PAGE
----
To support this device, GTRI has developed a local network system that captures real-time data from the HIPS sensor and sends that data over an LTE network – a wireless broadband communication standard most commonly used in connection with 4G networks – to a cloud server that can be monitored by a command and control center. The local network system can also share data with unit commanders and others who are within close proximity to the soldiers.  

The local network system includes a mesh network with network nodes equipped with long-range (LoRa) radios for node-to-node communication when LTE is not available. This system is flexible and can be configured to produce a mesh network that overcomes geographical obstacles and can be scaled with the number of subjects and nodes.

"In many of these training locations, connectivity is usually very poor," said Kevin Berman, a GTRI research engineer who is supporting the project. "Getting the data from those remote locations to the server is a challenge, and then making sure that the data that's coming in is correct is also difficult." 

Berman explained that if too much time passes between when the sensor captures the data and the data reaches the server, an overheated soldier may not receive life-saving care in time.

But GTRI's LoRa network could help address that challenge.

A photo of two GTRI researchers (Photo Credit: Christopher Moore, GTRI).
The goal of this project is to predict as many heat-related injuries among soldiers as possible before they happen to save lives. Pictured are the project's co-leads: GTRI Senior Research Engineer Brian King, left, and GTRI Principal Research Engineer Alessio Medda, right. (Photo Credit: Christopher Moore, GTRI).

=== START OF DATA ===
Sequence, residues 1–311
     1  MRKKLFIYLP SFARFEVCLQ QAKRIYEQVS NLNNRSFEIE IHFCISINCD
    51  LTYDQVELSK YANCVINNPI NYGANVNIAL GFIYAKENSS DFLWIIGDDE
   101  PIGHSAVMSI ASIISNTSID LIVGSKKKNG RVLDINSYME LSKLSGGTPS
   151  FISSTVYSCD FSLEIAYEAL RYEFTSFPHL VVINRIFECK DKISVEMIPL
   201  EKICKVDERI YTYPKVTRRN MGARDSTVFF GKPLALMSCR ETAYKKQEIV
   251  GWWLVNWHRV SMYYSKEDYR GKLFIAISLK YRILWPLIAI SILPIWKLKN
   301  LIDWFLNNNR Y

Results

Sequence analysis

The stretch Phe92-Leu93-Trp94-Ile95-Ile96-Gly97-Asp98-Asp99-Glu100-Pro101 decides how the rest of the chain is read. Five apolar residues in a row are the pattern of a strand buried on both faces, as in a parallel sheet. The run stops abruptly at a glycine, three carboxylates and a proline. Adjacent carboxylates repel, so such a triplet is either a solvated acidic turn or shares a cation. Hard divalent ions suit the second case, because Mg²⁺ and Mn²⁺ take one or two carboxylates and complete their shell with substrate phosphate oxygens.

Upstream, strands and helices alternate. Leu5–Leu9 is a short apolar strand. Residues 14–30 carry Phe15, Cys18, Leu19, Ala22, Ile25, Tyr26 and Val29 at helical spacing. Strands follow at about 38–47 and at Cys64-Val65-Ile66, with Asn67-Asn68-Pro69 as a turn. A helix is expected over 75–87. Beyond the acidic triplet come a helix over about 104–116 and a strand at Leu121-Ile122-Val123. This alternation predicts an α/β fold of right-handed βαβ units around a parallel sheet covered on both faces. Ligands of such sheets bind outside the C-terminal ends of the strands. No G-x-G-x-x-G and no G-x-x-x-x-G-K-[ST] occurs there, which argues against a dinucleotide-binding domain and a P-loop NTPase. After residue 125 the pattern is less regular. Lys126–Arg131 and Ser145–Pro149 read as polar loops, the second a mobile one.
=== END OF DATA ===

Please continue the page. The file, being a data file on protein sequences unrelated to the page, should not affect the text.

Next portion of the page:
"Imagine mile markers at a road race; our LoRa network serves a similar purpose," said Brian King, a GTRI senior research engineer who is co-leading the project. "Troops can place these nodes every quarter mile or so, and when a soldier walks or runs past them, our system grabs the vitals recorded from the sensor and sends it to a display in another location."

In addition to helping command centers take a more proactive approach toward protecting the health and safety of soldiers, researchers could utilize GTRI's system to conduct analyses on data from past events to fine-tune the system even more.

The work has been supported by U.S. Army Medical Material Development Activity (USAMMDA) and is currently being evaluated at various military posts across the country.

Writer: Anna Akins (
Photos: Christopher Moore
GTRI Communications
Georgia Tech Research Institute
Atlanta, Georgia USA



The Georgia Tech Research Institute (GTRI) is the nonprofit, applied research division of the Georgia Institute of Technology (Georgia Tech). Founded in 1934 as the Engineering Experiment Station, GTRI has grown to more than 2,800 employees supporting eight laboratories in over 20 locations around the country and performing more than $700 million of problem-solving research annually for government and industry. GTRI's renowned researchers combine science, engineering, economics, policy, and technical expertise to solve complex problems for the U.S. federal government, state, and industry.